Arizona State WR Jaelen Strong plays chess while opposing DBs play checkers

Jaelen Strong doesn’t play chess.

But if the Arizona State wide receiver ever did, you probably would not want to find yourself sitting across the board from him.

To watch Strong play over the past two seasons is to witness a receiver with a chess-playing mindset -- scheming against the scheme, looking three moves ahead in any direction, learning what his opponent does best, and then finding how he can best exploit it all for his own benefit.

Call him the Bobby Fischer of the Pac-12.

“There are a lot of wide receivers out there that can go run routes,” Arizona State offensive coordinator Mike Norvell said. “To be a special football player is when you take that talent and you add that knowledge and knowing what they’re trying to take away, knowing what defensive backs, what are they being taught to do and how can you use that for your advantage.”

Strong only started thinking about how he could utilize knowledge of defensive backs in a game in the past year. When Sun Devils coach Todd Graham took over coaching defensive backs last spring, Strong started paying more attention to what they were being told.

“When the DBs are getting coached up I write everything down,” said Strong, who keeps his WR/DB football notebook in his backpack. “I know exactly what the DB is supposed to do in a certain coverage and I know what he’s not supposed to do in a certain coverage. ... I know if he’s in the right spot at the right time.”

He began to study the film of any defensive back he could find -- ASU defensive backs, opposing Pac-12 defensive backs, Richard Sherman, Patrick Peterson. Sometimes he’d pull Sun Devils defensive back Damarious Randall in with him so that Randall could break down what a cornerback was thinking on any given play.

Randall, who had never watched film with a wide receiver one-on-one before was surprised with how fast the questions went from general to more nuanced. It began with basic coverages and schemes, but soon enough Strong was asking Randall about certain ticks of certain DBs, or how the slight shift of a foot or hand could signal something.

What does this mean? What do you think he’s thinking here? Why would he move his left foot like that?

"He understands that his knowledge is one of his greatest talents,” Norvell said. “It’s pretty sparse in college football to find talented players that view themselves that way.”

With his expanded film study, Strong began tearing through practices with greater fervor than usual, making one-on-one matchups nearly impossible. Randall tried to see if he could get in his head with trash talk, but not even that worked.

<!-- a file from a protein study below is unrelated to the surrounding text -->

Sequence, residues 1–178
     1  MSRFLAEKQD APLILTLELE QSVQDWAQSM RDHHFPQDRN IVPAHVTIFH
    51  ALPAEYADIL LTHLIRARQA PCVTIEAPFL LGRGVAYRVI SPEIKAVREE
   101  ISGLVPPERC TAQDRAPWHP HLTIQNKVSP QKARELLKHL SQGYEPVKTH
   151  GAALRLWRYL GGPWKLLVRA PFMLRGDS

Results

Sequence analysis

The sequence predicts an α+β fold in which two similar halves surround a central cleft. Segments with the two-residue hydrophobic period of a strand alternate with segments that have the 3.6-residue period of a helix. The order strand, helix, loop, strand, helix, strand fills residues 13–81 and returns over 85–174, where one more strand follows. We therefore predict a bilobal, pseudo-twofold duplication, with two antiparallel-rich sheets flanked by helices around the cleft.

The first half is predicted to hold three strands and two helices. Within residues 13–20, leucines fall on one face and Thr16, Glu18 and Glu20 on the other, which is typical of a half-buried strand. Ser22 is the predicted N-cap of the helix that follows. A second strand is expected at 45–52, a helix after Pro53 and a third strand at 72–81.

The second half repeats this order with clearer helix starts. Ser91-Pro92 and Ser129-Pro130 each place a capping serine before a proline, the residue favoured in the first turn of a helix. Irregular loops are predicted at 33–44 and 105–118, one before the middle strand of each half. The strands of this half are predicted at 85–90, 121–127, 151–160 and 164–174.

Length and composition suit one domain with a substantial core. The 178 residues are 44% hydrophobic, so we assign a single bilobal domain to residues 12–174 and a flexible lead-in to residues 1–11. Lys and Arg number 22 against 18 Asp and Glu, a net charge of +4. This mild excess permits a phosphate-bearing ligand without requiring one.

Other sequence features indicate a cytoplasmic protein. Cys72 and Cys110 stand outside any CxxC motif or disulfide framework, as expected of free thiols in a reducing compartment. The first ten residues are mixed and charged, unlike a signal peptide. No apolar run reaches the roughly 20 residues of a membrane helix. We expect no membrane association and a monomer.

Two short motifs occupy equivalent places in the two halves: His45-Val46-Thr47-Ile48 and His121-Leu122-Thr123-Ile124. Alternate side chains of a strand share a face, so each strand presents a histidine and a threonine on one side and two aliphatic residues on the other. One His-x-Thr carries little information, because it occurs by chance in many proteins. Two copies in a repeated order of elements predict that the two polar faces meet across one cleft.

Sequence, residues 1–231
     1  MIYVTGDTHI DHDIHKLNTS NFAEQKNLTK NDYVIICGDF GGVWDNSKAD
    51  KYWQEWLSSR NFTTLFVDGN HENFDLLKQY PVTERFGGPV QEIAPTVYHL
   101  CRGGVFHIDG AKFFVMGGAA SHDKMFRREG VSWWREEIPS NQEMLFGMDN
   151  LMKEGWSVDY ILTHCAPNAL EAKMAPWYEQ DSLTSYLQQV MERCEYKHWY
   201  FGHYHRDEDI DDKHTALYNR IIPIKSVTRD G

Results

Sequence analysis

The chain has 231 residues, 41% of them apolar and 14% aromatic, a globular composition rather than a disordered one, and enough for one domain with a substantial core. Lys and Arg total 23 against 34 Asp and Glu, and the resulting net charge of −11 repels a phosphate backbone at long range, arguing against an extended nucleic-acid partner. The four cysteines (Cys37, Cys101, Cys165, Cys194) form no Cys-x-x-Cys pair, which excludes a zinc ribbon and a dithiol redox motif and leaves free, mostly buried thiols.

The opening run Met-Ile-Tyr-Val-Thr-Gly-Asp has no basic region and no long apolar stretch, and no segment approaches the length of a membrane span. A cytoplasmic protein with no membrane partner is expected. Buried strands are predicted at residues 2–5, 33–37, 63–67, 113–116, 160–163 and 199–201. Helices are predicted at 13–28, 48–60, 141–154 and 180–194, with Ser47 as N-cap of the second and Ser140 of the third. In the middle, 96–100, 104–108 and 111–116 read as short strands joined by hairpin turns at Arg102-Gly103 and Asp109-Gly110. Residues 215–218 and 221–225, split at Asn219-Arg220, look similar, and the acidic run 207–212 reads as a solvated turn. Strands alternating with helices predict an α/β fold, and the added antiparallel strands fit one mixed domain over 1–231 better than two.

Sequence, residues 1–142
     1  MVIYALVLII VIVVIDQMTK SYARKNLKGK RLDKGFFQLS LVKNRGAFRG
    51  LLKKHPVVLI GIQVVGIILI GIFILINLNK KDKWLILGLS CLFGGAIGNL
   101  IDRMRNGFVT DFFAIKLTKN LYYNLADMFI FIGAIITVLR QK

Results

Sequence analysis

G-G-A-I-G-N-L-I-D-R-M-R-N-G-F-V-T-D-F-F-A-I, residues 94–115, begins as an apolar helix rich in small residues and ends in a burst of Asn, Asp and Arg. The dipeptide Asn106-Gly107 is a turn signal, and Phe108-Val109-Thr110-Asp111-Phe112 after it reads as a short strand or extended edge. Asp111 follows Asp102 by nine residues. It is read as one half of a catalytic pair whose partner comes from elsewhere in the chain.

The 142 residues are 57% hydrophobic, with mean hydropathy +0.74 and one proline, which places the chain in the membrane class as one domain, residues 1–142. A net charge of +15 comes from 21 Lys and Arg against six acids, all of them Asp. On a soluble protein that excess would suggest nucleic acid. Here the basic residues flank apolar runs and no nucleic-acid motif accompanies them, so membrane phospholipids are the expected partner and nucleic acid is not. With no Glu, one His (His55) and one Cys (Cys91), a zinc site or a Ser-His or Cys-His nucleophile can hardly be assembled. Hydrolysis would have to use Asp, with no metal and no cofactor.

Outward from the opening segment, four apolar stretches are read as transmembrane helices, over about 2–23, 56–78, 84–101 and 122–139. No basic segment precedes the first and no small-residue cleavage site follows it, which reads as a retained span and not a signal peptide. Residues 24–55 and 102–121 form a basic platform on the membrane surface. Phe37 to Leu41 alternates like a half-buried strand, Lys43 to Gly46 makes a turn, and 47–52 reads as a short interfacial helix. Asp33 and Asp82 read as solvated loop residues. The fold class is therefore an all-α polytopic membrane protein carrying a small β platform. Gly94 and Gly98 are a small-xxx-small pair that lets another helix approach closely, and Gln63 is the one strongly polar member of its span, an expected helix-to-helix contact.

They joked about how Strong might be better than some of the true freshman corners.

Could he be called upon to play defensive back if need be?

“I wouldn’t doubt it,” Randall said. “He actually knows every time a defensive back lines up in front of him, he knows exactly the coverage he’s playing, exactly the technique he’s playing. It’s easy for him.”

But what’s easy for Strong has been difficult for Randall, who has to watch his fellow defensive backs get picked apart by Strong play after play in practice.

“Every time you cover a great wide receiver, there’s something you’ve got to give him,” Randall said. “You can’t take everything away from him.”

“You just kind of have to pick your poison,” he added.

His growth from last season, his first after arriving in Tempe from Pierce College (Woodland Hills, Calif.), to this season shows how much his increased football IQ has benefitted his game.

Through eight games this season, Strong has accounted for 821 receiving yards (14th nationally), eight receiving touchdowns (T-7th nationally) and 40 catches that have resulted in first downs (T-7th nationally).

Through eight games in 2013 he had tallied 720 yards, five receiving touchdowns and 30 catches that resulted in first downs. The jump in the numbers are more impressive when you consider that teams are defending him differently this year as he's become a bigger threat.

“He has just matured,” Graham said. “He's mastering his craft, and he's doing that mentally, then physically. A lot of guys try to do it physically and not focus on the mental.”

Even though he's never tried his hand at chess, he has the mindset for it even if he doesn’t realize it.

It's been rare an opposing team has been brave enough to play him one-on-one on the football field. With some chess practice under his belt, chances are not too many people could take him one-on-one on the board, either.